Eastend is, in and of itself, worth a trip to Canada.  If you’re heading to visit Canada’s prairies or the Rockies, a side-trip to the town should be on your itinerary.  If you’re going to Idaho or nearby to see the August Total Eclipse, head a few hundred miles north to visit Eastend.  It will be a highlight of your trip.

The updated post follows.

About 16 years ago, quite by accident, I wandered into Eastend, Saskatchewan.  The tiny farm town in Saskatchewan’s southwest didn’t seem of much interest — until I noticed the T-Rex Laboratory in the middle of town.  Intrigued, I visited the lab, where  paleontologists were hard at work preparing the fossil bones of the most massive T-Rex ever discovered.

Eastend was apparently more than it seemed at first look, so I began to walk around the town.

In two blocks I realized the “accidental” visit was a classic Jungian  synchronicity.  A sign on the main street  pointed toward a modest home on a quiet street near the Frenchman River was “Wallace Stegner’s Boyhood Home.”   Stegner, who spent his boyhood years here,  was profoundly influenced by George R. Stewart.  Stegner wrote a fine essay about Stewart,  included in Stegner’s  WHERE THE BLUEBIRD SINGS TO THE LEMONADE SPRINGS.   In the George Rippey Stewart Papers at the Bancroft Library (See link in the header of this page) there are several wonderful letters from “Wally” Stegner to Stewart; in the Stegner Papers at the University of Utah, there are replies from Stewart.

Later, researching a chapter on the friendship between Stewart and Stegner, I found the website for the Boyhood Home (now a Canadian Heritage site). Restored by the hard work of local people, the house had become a residence for writers and artists.  They accepted my application; so I had the rare honor of living in Stegner House for several weeks over three visits.  And the pleasure of getting the chance to know Eastend and its wonderful people.  Some, like Charlie Goulet, are now gone; but I know if I drove into town tomorrow I’d soon run into Ken and Ethel Wills, Dick and Clora Banford, Tim and Jacquie Tokaryk,   the Websters, and the others who have helped bring that community back into vibrant life.  It’s now home to one of the finest small enlightenments in the world today.  Good cheeseburgers at Charlie’s Lunch, good meals at Jack’s, several b&b’s;  and a new T-Rex Discovery Centre that would do justice to the Smithsonian, and that interdisciplinary marriage of art and science – STEAM – that characterize Enlightenments or Renaissances.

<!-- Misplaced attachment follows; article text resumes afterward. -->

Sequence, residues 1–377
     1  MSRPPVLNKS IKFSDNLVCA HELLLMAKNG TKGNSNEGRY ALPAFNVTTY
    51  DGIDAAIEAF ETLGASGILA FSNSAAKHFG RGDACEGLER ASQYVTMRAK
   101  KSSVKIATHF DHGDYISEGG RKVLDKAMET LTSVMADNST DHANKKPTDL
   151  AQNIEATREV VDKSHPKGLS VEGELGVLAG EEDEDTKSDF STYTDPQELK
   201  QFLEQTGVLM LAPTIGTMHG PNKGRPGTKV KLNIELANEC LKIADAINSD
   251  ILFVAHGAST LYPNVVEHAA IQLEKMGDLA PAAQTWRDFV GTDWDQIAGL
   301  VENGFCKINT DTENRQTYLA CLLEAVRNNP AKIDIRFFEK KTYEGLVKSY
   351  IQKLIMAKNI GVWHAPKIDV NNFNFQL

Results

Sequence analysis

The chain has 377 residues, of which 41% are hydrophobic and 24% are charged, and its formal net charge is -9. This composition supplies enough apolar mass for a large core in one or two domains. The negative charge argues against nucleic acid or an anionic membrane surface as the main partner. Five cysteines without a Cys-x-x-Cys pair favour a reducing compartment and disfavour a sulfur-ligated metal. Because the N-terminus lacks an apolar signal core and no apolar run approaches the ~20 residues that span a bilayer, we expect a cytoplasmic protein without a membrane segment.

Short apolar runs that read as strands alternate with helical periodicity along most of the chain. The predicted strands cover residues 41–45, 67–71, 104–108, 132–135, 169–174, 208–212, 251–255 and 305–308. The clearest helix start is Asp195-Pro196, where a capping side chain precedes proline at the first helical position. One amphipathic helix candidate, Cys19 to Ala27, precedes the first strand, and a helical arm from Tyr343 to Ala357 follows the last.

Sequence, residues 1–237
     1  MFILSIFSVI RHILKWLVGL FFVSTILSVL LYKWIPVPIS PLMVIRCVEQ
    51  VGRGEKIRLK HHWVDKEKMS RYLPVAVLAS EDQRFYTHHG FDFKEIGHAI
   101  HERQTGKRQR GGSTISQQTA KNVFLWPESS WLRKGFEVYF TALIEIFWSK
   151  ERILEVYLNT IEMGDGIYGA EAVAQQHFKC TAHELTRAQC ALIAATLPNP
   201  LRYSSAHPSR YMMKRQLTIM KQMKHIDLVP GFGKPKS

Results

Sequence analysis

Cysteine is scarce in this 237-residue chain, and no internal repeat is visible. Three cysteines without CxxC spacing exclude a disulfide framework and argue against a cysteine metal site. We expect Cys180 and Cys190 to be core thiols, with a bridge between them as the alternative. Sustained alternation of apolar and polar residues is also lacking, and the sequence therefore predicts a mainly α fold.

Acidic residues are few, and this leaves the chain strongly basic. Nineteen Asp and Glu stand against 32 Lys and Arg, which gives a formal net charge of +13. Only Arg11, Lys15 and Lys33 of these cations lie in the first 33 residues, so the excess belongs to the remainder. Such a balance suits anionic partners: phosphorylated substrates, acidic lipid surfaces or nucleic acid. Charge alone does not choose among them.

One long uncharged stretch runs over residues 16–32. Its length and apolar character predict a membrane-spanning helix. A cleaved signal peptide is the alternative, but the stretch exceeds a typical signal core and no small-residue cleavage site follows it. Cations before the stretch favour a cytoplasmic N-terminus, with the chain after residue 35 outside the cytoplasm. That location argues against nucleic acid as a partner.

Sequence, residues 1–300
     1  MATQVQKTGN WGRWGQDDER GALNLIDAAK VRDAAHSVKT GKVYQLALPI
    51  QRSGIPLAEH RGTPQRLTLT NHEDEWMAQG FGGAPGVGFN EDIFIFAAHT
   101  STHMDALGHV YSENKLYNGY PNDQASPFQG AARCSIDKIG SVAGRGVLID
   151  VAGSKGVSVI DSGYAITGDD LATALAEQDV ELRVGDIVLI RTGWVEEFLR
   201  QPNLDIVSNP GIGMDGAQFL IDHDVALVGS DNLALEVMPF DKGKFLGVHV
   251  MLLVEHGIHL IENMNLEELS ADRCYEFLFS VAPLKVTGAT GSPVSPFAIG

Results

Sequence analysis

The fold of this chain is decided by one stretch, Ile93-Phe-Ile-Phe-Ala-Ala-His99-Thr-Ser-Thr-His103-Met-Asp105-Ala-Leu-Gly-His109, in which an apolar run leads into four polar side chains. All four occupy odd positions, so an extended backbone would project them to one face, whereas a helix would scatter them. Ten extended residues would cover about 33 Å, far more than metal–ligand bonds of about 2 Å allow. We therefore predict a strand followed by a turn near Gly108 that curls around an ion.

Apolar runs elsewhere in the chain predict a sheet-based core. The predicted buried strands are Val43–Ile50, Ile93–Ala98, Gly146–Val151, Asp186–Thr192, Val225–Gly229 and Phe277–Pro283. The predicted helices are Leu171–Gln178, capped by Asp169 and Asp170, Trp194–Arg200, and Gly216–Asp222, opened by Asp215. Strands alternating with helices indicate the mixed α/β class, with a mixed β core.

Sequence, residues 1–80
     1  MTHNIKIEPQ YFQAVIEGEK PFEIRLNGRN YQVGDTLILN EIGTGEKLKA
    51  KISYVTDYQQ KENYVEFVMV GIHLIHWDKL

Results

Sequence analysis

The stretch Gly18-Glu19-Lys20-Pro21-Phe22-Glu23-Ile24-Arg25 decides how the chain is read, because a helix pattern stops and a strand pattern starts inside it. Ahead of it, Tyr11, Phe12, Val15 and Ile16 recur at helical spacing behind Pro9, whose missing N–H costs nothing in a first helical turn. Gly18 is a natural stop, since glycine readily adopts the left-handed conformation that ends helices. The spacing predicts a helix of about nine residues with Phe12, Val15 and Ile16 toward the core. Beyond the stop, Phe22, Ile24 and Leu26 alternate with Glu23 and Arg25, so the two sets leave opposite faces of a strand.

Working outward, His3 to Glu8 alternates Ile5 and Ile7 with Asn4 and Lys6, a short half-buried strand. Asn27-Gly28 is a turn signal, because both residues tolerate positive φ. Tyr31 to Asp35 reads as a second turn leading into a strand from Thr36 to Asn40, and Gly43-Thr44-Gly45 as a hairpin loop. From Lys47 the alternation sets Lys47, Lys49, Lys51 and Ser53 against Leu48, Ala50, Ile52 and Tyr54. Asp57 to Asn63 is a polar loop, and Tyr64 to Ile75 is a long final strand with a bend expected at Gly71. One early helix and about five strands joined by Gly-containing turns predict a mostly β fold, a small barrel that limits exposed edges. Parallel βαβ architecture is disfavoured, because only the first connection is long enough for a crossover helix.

It was an inspiring place to work on the biography.  And, as things turned out, it was the place — in the living room of the Stegner House — where I found the key to the George R. Stewart biography.

The other highlight was being honored with a presentation of a Saskatchewan supporters of the arts pin, by Lieutenant Governor Lynda Haverstock.

Visit Eastend.   And give it some time.  Good campground, adequate motels, not far from a CAA approved motel in Shaunavon if you prefer a “larger” town.

With the Stegner House, the T-Rex Discovery Centre, a fine pottery, and other art locations, Eastend is a highly recommended place to visit.  Also recommended is Stegner’s book about Eastend, Wolf Willow, and his collection of essays described above, WHERE THE BLUEBIRD SINGS TO THE LEMONADE SPRINGS.  The collection of essays, which includes the essay about George R. Stewart,  begins with his memories of Eastend.